Potomac Yard Metro Station – Back On??

by Lee Hernly, Editor

Alexandria News is reporting that the proposed $150 million dollar Potomac Yard Metro Station is gaining new life. One of the ways that is proposed to pay for it is by raising the property tax rate by three ($.03) cents. You have to ask yourself is it really needed when back in the 90’s the project was deemed not feasible because of low ridership. Here is a portion of the article by James Callum on AlexandriaNews.org:

After tabling the issue a decade ago, Alexandria City officials are reconsidering the construction of a metro station at Potomac Yard. On Thursday night, council’s newly established Potomac Yard Metrorail Station Feasibility Work Group began the groundwork in identifying preferred sites and funding options for the estimated $150 million metro station.

“This idea has always been reserved for the future,” said Alexandria Mayor Bill Euille, who is a member of the group. Euille said he has had conversations with Metro General Manager John Catoe, who has reportedly backed the idea of the added station with no cost tied to the struggling transit system. “Metro didn’t have the money in the 1990s and they don’t have it today,” said Euille, a nine-year member of the Washington Metropolitan Area Transit Authority Board. “While a final, finished product may be up to 10 years off, as time changes and (Alexandria’s) needs change, it’s time to revisit the opportunity of developing a metro station at Potomac Yard.”

View more of the article on AlexandriaNews.org.

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4 comments

LeeHInAlexandria February 23, 2009 - 7:10 am

So if the City doesn’t have the money (they don’t) we taxpayers will pay for it even though most of us won’t use the station? Hmmm…

Melissa February 23, 2009 - 8:58 am

What would Carlyle be like if there was no King St. Metro station? Take a look at the Ballston Corridor. Most of the businesses and housing along Wilson would not have been developed without the metro there. However, Arlington county has a billion dollar annual budget (even this year) because of the revenue these businesses and residents bring in because of their higher property values (convenience to the metro is a big selling point and can add over a $100k to the value of a home). This is an investment in the future.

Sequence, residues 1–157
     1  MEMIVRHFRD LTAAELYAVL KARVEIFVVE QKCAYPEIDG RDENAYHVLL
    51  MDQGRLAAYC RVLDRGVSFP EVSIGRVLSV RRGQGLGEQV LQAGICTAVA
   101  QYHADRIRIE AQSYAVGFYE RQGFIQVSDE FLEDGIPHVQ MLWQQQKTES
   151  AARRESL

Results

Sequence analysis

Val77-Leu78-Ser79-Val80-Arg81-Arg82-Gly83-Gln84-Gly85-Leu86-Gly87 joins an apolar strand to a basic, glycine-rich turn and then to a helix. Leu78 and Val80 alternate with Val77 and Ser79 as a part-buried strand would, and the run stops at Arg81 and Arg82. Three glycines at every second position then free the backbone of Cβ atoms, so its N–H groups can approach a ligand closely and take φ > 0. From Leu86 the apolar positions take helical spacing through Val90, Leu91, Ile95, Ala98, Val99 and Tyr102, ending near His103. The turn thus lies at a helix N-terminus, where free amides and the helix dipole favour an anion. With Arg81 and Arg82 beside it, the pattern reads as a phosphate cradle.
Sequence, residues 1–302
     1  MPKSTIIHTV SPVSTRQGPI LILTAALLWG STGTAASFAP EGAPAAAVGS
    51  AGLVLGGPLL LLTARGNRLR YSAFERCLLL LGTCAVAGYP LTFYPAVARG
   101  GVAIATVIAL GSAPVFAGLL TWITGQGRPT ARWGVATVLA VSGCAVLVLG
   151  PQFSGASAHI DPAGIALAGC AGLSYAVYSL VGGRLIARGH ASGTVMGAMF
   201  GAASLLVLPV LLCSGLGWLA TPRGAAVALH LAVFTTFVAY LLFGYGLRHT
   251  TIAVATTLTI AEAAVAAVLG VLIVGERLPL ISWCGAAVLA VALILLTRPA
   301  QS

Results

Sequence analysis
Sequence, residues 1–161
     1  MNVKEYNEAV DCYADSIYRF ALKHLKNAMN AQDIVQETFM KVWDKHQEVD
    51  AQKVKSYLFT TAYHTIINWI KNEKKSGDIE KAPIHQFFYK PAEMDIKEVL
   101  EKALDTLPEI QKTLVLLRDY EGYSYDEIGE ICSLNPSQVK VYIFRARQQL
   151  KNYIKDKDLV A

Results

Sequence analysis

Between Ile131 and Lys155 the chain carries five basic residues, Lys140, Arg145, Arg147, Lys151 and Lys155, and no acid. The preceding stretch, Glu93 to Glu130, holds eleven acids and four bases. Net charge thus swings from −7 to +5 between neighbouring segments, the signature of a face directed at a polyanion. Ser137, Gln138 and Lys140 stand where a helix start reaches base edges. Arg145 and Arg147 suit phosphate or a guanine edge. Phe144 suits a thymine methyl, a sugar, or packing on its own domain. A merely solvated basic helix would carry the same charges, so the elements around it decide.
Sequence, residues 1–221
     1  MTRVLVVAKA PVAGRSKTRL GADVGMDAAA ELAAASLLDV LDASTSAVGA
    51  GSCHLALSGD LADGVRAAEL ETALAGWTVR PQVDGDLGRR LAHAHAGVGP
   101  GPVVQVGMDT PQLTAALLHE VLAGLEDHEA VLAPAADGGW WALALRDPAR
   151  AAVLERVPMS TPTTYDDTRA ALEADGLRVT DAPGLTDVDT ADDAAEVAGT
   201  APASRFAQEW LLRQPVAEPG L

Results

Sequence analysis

http://www.GreaterGreaterWashington.org had pretty thorough post about Potomac Yards Development. http://greatergreaterwashington.org/post.cgi?id=1705

Anonymous February 23, 2009 - 10:00 am

There is example after example of government planning gone hideously awry, starting with Portland, Ore. — the home of the “Smart Growth” movement. This is exactly what Alexandria is trying to model themselves after. But Portland’s artificial urban growth boundary sent housing prices spiraling in the once-affordable city and dramatically increased urban sprawl — the very ills smart-growth policies are supposed to prevent. The same thing was happening here earlier this decade or is it just my imagination that the size of the City government has doubled since 2000?

Washington-area residents should be particularly suspicious of the current push for “walkable communities,” an idea championed by idealistic English planners in the 1970s who created an extensive network of bucolic garden paths in various new subdivisions, only to have criminals become their design’s main beneficiaries. New Urbanism — a popular planning approach that promotes high-density, mixed-use development and increased pedestrian and bike traffic — also inevitably promotes crime, which is far more prevalent in urban settings than lower-density residential neighborhoods. Which is what we are starting to see in the Carlyle neighborhood.

How can one even think that government planners are somehow smarter or more capable of managing the future than market forces. Name a contemporary problem — traffic congestion, homelessness, lack of affordable housing — all can be traced back to past government planning mistakes. Yet despite all evidence to the contrary, many Americans still expect the planners to miraculously get it right the next time around. Better to fire the planners and let free people, free minds and free markets use the genius of their freedom.

Carlyle Community News February 23, 2009 - 10:20 am

Randall O’Toole did a recent study on rail transit and found that 1) rail transit does not reduce greenhouse gas emissions and 2) it normally consumes HUGE amounts on energy. See: http://www.cato.org/pub_display.php?pub_id=9325

In states with growth-management laws, median housing prices in 2006 were typically 4 to 8 times median family incomes. In most states without such laws, median home prices are only 2 to 3 times median family incomes.

Few people realize that the recent housing bubble, which affected mainly regions with growth-management planning, was caused by planners trying to socially engineer cities. Yet it has done little to protect open space, reduce driving, or do any of the other things promised.

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